We are a commune of inquiring, skeptical, politically centrist, capitalist, anglophile, traditionalist New England Yankee humans, humanoids, and animals with many interests beyond and above politics. Each of us has had a high-school education (or GED), but all had ADD so didn't pay attention very well, especially the dogs. Each one of us does "try my best to be just like I am," and none of us enjoys working for others, including for Maggie, from whom we receive neither a nickel nor a dime. Freedom from nags, cranks, government, do-gooders, control-freaks and idiots is all that we ask for.
I am not a huge fan of Florida (I like going to places with more interesting history, and preferably less heat), but with our deep chill so early this year, I have been thinking about it a little.
I am not really a Hobe Sound or Jupiter type, and definitely not a Palm Beach sort. And Vero Beach never sounds very interesting to me. Your editor is averse to "relaxation," and also does not want to waste time by playing that game where you hit the little ball with the little stick.
Islamorada, for the fishing etc. I am also attracted to Gasparilla and Useppa. When we did a week in Captiva a few years ago, we'd rent a boat and tool around the waters between Captiva and Port Charlotte. We had to boat to have lunch in that wacky place on Cabbage Key, and we anchored right off Useppa for a swim and for some exploring.
Cabbage Key has no roads, and there is an insane drunk directing the boat traffic. Gasparilla and Useppa have no cars. They are both clubs. I am told that Gasparilla is for stuffy blue-bloods (it's rustic and simple), and Useppa more for the nouveaus - more luxurious. Tiny Useppa looks to have been having a building boom since we were down there.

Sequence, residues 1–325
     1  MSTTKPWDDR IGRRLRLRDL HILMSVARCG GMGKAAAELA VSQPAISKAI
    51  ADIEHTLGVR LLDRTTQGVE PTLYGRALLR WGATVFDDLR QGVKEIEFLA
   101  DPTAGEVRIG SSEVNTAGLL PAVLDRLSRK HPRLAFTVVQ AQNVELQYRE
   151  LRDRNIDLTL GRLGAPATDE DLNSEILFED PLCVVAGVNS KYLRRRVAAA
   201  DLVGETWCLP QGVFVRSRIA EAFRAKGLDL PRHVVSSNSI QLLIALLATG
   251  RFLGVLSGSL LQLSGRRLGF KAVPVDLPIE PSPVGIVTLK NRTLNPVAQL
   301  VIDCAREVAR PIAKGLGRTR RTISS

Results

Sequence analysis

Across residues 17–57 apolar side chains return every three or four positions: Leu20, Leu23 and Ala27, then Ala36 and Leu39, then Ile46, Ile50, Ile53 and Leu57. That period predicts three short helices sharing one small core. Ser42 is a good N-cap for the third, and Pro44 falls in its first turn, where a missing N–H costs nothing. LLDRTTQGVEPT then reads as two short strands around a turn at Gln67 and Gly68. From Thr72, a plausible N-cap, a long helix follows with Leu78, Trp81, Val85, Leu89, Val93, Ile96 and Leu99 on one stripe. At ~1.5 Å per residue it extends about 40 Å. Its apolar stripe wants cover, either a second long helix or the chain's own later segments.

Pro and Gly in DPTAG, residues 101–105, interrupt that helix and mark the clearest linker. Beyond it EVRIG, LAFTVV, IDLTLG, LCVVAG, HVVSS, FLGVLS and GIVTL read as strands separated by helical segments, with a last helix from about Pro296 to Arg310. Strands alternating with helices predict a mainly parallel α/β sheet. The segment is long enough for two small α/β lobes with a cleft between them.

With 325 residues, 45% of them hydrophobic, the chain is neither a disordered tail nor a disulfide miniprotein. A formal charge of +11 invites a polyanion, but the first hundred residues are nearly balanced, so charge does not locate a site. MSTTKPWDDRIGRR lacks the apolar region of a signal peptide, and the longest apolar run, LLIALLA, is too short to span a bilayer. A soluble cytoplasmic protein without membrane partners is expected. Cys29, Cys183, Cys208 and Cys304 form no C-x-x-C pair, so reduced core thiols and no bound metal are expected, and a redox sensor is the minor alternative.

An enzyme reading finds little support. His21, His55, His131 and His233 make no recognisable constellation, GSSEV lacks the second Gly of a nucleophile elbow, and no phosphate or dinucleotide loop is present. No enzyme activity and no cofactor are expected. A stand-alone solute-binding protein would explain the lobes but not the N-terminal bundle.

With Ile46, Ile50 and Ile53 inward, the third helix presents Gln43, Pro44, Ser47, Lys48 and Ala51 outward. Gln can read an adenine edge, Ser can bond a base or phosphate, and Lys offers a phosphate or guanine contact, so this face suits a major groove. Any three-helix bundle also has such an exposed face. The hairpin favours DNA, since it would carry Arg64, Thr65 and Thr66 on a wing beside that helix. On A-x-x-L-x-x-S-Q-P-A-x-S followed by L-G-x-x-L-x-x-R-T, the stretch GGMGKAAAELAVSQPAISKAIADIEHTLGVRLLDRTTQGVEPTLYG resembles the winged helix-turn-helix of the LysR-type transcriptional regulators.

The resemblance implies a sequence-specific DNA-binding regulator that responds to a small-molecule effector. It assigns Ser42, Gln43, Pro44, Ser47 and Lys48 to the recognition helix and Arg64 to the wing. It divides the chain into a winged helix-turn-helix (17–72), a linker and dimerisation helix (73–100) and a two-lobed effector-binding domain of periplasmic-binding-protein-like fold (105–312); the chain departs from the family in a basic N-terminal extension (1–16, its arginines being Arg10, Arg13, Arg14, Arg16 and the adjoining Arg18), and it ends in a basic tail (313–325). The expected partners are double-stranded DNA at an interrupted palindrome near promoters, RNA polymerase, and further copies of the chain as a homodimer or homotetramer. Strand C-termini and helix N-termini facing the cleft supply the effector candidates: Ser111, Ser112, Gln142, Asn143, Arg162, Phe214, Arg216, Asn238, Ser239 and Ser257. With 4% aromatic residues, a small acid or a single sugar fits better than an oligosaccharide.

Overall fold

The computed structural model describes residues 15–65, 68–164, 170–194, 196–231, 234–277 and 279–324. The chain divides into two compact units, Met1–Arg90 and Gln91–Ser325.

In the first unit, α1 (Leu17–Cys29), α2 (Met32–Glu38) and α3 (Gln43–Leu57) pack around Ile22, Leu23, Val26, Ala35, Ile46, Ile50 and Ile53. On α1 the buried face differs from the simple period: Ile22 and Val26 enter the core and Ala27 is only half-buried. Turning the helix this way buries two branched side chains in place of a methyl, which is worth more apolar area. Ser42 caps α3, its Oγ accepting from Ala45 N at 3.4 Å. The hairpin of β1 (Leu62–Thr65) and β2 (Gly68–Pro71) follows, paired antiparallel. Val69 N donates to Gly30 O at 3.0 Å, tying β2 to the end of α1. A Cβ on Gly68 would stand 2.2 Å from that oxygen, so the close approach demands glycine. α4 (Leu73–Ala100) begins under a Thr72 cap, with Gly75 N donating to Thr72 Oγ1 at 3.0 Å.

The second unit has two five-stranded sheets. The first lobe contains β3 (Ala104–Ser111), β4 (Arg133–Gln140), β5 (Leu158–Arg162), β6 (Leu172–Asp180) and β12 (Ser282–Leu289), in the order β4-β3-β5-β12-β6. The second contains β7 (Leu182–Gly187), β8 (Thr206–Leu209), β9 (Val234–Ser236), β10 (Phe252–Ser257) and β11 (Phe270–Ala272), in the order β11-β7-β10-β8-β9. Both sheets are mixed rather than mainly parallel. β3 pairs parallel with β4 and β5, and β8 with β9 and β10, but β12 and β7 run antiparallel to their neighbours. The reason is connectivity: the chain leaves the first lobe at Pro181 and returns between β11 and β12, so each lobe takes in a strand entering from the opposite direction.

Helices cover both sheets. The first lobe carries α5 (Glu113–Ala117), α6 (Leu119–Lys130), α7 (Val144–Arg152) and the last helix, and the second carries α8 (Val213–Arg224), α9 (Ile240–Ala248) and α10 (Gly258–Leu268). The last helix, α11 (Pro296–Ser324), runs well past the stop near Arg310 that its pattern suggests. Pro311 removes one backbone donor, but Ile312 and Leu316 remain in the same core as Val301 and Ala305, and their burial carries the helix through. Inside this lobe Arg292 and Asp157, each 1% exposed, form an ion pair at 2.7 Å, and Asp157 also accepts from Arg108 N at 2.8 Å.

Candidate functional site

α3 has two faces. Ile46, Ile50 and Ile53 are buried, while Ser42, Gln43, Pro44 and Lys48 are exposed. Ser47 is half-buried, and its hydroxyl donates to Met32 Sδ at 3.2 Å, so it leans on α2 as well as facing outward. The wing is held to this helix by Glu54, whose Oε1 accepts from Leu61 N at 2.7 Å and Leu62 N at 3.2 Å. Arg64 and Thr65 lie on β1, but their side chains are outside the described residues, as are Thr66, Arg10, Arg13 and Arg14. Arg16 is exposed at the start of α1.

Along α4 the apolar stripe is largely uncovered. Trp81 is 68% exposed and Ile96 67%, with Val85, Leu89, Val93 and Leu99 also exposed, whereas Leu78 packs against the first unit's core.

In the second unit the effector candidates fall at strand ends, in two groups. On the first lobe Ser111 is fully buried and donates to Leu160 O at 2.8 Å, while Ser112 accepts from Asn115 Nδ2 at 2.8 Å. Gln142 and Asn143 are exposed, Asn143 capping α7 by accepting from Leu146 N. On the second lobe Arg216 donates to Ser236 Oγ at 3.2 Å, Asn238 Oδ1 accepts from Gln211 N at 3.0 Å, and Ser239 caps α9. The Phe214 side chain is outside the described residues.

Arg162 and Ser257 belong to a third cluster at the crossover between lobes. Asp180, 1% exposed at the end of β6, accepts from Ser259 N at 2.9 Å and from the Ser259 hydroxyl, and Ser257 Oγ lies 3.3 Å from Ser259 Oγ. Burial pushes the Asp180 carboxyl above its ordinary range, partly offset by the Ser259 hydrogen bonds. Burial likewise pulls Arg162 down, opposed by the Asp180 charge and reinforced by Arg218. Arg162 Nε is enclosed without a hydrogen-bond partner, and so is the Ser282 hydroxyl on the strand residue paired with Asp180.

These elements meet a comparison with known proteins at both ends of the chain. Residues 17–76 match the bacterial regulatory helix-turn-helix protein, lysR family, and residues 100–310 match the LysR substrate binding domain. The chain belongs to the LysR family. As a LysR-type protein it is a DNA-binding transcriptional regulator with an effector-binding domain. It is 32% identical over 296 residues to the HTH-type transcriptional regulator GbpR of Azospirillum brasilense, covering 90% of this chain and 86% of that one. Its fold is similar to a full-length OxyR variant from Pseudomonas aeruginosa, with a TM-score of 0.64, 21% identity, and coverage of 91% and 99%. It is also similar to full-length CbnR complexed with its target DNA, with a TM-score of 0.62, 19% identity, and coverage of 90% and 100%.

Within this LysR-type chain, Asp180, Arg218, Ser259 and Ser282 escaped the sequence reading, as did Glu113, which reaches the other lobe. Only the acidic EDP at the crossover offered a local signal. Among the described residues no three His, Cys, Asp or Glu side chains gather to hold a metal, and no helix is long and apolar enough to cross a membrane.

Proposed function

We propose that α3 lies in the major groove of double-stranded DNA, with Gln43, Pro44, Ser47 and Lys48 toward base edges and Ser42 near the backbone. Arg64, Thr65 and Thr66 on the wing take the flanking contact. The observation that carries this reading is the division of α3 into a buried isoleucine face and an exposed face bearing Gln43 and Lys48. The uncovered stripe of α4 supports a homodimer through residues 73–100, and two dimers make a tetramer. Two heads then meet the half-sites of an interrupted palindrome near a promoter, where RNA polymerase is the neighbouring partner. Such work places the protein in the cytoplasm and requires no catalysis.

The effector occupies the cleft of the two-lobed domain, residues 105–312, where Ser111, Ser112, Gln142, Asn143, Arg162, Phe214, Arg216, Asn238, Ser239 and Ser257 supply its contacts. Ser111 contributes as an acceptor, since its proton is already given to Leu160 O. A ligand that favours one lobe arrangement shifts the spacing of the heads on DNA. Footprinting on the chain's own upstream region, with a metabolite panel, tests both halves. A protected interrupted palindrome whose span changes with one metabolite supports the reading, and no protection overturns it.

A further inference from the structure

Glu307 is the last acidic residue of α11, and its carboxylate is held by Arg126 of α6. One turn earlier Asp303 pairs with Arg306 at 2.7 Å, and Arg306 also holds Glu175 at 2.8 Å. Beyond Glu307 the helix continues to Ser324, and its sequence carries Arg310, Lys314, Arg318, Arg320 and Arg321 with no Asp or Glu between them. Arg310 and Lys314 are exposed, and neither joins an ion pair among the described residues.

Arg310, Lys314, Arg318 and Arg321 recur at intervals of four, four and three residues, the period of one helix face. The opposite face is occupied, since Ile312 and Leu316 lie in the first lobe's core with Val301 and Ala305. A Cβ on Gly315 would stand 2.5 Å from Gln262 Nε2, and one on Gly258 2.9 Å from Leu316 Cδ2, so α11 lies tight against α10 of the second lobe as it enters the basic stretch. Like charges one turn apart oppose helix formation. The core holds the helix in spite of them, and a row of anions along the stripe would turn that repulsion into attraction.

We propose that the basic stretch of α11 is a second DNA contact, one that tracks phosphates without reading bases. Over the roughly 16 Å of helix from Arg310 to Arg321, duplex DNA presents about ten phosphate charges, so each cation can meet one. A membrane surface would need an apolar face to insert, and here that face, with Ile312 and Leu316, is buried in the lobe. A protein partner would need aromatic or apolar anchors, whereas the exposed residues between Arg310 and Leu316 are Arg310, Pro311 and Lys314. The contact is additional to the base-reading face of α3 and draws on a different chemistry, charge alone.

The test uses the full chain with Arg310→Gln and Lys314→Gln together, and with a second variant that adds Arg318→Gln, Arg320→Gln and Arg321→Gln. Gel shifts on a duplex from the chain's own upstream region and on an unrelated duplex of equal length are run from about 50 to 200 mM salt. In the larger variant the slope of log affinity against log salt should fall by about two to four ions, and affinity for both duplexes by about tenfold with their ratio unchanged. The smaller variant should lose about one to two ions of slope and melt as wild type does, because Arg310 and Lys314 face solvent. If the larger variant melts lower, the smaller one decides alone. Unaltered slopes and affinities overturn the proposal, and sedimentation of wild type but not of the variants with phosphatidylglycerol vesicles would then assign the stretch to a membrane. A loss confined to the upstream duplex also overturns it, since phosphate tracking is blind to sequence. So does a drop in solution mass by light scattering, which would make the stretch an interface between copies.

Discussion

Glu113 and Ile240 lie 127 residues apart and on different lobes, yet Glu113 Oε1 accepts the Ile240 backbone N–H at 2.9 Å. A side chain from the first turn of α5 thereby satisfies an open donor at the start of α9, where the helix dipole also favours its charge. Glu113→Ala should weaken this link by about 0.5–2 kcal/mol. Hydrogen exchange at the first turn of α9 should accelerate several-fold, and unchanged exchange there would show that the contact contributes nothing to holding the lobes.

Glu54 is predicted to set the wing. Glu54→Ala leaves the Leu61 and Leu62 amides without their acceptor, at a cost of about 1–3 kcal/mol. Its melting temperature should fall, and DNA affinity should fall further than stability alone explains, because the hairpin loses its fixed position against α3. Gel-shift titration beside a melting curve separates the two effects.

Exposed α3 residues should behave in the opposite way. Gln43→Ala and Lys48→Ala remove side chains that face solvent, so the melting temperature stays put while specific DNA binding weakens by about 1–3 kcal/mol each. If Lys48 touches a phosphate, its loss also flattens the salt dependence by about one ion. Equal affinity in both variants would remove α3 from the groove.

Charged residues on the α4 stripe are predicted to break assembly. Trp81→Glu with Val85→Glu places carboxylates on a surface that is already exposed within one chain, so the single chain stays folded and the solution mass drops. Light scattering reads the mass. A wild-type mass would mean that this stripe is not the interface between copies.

April, 1989 - I caught (and released) one its largest tarpon,
thanks to Capt. Gary Register.
Coming back in the dark, both the Southern Cross
and the Big Dipper were clearly visible.
It depends on how much heat you want. I like the large trees and spanish moss of northern Florida. If you can tolerate 60 Hi/40 low, with the probability of the climate being both warmer and colder than that, it is for you. Cedar Key is nice, if you like the ocean.
But as a longtime sunbelt resident born and raised in NE, I much prefer the 60/40 winter to the 100/78 summer. No prob with some occasional freezes. Not that I mind winter days in the 70s, mind you.
I find Islamorada a little crowded. Big Pine Key is a little less touristy, little bit out of the way. Close enough to KW if you want a little weird, close enough to the charter fleets for a little offshore fun, & some nice skinny water right outside your door.
Not a big Florida person, but this looks great. Reminds me on one of our favorites, Bald Head Island, NC, just south of Wilmington. No cars, and the beaches are very uncrowded. You get there by ferry, and every house comes with a golf cart or two.
Gasparilla/BocaGrande has certainly changed in the past twenty years or so (the huge tank farm was sold off and the southeastern part of the island cleared of mangrove and developed with luxury housing, but the island remains a special universe unto itself.
A stay at the Inn is indeed a quality experience that the blue bloods will appreciate for the dining, golf and nearby spa arrangements. I regret that I hurried through what was probably the most beautiful round of golf in my life. Staying at a rental on the beach will be a more casual experience. Neither option will be bargain-priced!
In any case, the pace of Gasparilla/Boca Grande will lower your blood pressure. If you want "vacationland stimulation", "activities" and are easily bored, don't bother. A comment overhead on a nearly deserted beach (maybe 15 yrs ago), made by a young gal to her girlfriend, "I'm sure glad I went dancing last weekend!"
The island is connected by a toll bridge and there is not much vehicle traffic, but there is some. Don't miss the Banyan trees or the shell collection (DuPont?) at the Fust Library. One can beachcomb or fish from the beach, charter a boat or amphibious plane (Mark Futz) to visit nearby islands. The nights are quiet. Your satisfaction will be determined by what you are seeking.
I have some somewhat dated, but "grande" photos, if there is interest.